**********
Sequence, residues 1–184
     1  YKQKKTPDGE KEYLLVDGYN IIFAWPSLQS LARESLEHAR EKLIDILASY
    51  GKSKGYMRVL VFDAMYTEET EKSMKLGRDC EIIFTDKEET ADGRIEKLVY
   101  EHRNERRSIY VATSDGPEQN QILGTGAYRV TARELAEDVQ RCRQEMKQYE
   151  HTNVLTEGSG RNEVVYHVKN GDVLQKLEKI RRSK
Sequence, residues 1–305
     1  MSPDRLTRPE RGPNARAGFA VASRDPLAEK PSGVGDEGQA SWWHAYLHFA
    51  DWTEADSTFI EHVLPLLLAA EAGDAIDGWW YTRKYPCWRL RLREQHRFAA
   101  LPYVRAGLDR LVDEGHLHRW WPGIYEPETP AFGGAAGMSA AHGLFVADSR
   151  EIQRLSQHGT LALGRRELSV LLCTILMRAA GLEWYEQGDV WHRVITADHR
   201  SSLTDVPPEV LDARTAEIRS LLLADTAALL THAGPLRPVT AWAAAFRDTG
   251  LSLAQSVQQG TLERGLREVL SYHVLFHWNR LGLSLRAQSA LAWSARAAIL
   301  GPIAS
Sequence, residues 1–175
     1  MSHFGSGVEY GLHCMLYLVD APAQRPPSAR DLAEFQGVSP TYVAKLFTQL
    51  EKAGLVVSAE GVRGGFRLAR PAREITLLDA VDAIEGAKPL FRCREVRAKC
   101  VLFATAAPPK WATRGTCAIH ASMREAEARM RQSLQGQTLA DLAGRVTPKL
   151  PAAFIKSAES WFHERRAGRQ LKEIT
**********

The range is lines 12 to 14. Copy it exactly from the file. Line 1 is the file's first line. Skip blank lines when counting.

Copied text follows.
   251  LSLAQSVQQG TLERGLREVL SYHVLFHWNR LGLSLRAQSA LAWSARAAIL
   301  GPIAS
Sequence, residues 1–175